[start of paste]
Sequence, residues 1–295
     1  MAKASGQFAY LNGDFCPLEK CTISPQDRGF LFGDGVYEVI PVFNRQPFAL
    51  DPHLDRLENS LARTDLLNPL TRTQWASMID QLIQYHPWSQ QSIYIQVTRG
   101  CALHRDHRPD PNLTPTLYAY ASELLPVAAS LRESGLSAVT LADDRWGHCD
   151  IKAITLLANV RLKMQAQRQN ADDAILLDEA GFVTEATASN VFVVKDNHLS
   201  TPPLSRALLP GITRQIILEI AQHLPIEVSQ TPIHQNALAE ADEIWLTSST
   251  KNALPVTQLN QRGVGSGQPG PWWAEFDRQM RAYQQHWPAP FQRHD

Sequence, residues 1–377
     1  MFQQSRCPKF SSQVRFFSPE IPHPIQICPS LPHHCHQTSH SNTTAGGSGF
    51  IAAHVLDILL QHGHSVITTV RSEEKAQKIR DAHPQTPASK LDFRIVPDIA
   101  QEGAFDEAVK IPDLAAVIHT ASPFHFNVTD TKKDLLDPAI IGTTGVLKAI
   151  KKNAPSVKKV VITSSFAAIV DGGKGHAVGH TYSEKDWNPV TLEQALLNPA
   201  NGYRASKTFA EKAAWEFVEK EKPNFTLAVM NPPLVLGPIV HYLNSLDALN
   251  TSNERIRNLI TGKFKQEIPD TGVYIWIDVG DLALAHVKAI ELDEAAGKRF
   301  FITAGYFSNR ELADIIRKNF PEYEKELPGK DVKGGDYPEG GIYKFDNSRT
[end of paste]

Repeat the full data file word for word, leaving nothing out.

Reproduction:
Sequence, residues 1–295
     1  MAKASGQFAY LNGDFCPLEK CTISPQDRGF LFGDGVYEVI PVFNRQPFAL
    51  DPHLDRLENS LARTDLLNPL TRTQWASMID QLIQYHPWSQ QSIYIQVTRG
   101  CALHRDHRPD PNLTPTLYAY ASELLPVAAS LRESGLSAVT LADDRWGHCD
   151  IKAITLLANV RLKMQAQRQN ADDAILLDEA GFVTEATASN VFVVKDNHLS
   201  TPPLSRALLP GITRQIILEI AQHLPIEVSQ TPIHQNALAE ADEIWLTSST
   251  KNALPVTQLN QRGVGSGQPG PWWAEFDRQM RAYQQHWPAP FQRHD

Sequence, residues 1–377
     1  MFQQSRCPKF SSQVRFFSPE IPHPIQICPS LPHHCHQTSH SNTTAGGSGF
    51  IAAHVLDILL QHGHSVITTV RSEEKAQKIR DAHPQTPASK LDFRIVPDIA
   101  QEGAFDEAVK IPDLAAVIHT ASPFHFNVTD TKKDLLDPAI IGTTGVLKAI
   151  KKNAPSVKKV VITSSFAAIV DGGKGHAVGH TYSEKDWNPV TLEQALLNPA
   201  NGYRASKTFA EKAAWEFVEK EKPNFTLAVM NPPLVLGPIV HYLNSLDALN
   251  TSNERIRNLI TGKFKQEIPD TGVYIWIDVG DLALAHVKAI ELDEAAGKRF
   301  FITAGYFSNR ELADIIRKNF PEYEKELPGK DVKGGDYPEG GIYKFDNSRT